When you talk to sustainable supply chain experts, you hear stories like this:
“You go to your favorite supermarket, get your favorite lasagna from the shelf, bring it to a scanner and scan the barcode. The screen shows 3D real time holograms of the tomato plantations in Turkey and Guatemala, wheat plantations in Brazil, you can even see images from the streets where workers live, you see the factories producing the sauce or producing packages and conservatives, factories where all get together, in boxes, getting delivered to your supermarket, first by ship, then by… Then you get a pack from the competitor brand, and…”
They dream about the day when companies and consumers will know all about the suppliers in “almost real time.”
Today, supply chains are considered one of the most challenging parts of the sustainability puzzle. This topic was vey present during the development of G4, as it was in my research on the main challenges for the next decade. This is an area where we are still discussing how companies can trace their indirect suppliers, not to mention the need to know the social and environmental practices in their supply chains. We need smart solutions and new ideas.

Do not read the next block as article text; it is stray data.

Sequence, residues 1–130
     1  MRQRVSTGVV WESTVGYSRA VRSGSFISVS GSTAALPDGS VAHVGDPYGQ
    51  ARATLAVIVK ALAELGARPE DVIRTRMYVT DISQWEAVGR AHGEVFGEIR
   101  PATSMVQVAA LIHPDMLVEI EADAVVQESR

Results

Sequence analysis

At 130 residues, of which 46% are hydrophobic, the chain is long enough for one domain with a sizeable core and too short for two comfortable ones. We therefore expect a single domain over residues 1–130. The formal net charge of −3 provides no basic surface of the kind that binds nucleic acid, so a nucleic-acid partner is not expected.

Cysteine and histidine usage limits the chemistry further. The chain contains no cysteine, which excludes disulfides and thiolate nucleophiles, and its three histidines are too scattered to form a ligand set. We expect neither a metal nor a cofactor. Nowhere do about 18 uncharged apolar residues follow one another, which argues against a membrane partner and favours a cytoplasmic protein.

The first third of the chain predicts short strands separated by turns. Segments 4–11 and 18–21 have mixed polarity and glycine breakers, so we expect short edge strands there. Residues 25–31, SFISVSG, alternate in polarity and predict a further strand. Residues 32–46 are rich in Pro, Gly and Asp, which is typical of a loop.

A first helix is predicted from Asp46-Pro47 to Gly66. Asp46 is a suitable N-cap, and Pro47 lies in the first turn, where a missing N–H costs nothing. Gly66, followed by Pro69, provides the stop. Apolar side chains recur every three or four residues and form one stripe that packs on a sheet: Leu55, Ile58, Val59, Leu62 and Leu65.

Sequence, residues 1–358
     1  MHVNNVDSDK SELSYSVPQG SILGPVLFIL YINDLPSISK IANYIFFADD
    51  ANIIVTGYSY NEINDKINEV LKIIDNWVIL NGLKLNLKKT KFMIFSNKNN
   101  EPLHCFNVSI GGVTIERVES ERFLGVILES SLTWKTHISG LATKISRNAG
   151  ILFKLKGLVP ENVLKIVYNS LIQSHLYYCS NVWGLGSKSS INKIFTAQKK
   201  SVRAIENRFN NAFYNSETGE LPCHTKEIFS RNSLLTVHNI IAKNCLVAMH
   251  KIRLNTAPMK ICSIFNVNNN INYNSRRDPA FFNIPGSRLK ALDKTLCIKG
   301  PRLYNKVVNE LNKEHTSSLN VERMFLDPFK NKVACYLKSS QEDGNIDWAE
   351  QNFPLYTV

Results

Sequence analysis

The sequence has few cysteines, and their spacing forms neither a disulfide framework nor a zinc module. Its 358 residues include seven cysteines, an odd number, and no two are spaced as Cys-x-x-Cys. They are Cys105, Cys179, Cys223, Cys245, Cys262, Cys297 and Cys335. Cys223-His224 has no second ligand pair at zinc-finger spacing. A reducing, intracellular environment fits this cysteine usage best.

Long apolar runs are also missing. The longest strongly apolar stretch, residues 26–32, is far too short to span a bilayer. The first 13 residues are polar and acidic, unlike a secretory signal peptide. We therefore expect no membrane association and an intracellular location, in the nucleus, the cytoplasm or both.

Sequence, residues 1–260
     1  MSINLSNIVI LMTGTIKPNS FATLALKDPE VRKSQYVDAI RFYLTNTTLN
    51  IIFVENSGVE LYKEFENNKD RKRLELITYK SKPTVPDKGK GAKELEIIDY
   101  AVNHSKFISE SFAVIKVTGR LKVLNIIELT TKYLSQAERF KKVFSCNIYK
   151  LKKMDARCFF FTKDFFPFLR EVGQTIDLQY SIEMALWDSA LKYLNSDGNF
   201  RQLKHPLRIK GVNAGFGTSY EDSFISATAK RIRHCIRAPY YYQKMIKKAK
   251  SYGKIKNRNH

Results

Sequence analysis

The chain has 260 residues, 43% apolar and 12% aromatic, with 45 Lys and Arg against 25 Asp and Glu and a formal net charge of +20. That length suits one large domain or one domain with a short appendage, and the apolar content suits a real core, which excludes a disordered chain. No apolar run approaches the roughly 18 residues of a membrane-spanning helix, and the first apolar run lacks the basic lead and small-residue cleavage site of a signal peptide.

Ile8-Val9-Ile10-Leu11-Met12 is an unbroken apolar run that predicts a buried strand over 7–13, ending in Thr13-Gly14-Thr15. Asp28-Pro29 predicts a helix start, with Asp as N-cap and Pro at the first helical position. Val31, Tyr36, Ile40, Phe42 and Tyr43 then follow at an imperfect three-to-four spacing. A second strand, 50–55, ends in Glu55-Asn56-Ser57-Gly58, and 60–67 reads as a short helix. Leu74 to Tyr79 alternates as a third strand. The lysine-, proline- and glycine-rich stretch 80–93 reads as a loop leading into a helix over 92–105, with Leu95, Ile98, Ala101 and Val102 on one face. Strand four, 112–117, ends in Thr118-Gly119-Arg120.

My fascination with supply chains and their challenges started when I was working as the head of the sustainability area at Natura in 2003. The suppliers played a critical role at this company, which buys tons of products that end up on our faces or on babies’ skin. In a world in which you can purchase from websites that only disclose the distributors’ information, such a business is always in alert mode.
When I arrived at GRI I met a young lady who was also fascinated by this. She really believed that supply chains and small businesses were the key to transforming the world and building a sustainable future. She was Leontien Hasselman-Plugge. We have since worked together for many years and have designed many projects promoting transparency in the supply chain for large companies and small businesses.
In 2014 Leontien took a big step in the direction of her convictions: she became the managing director of a company called SIM Supply Management. Leontien’s task is to set the company to deliver what we need to make the vision of “almost real time transparency in supply chains” a reality. SIM aims to offer almost real time information on their clients’ supply chains. Not a small task.
I talked to Leontien recently about what she has learned about today’s supply chains. She said: “Transparency will not only help consumers to know what is behind the products they buy, but it will also help suppliers – the real producers – to have a direct contact to final consumers and clients, reducing their distance to access the market. This will improve the chain efficiency in ways that we can’t yet imagine!”
That’s great to know!
by Nelmara Arbex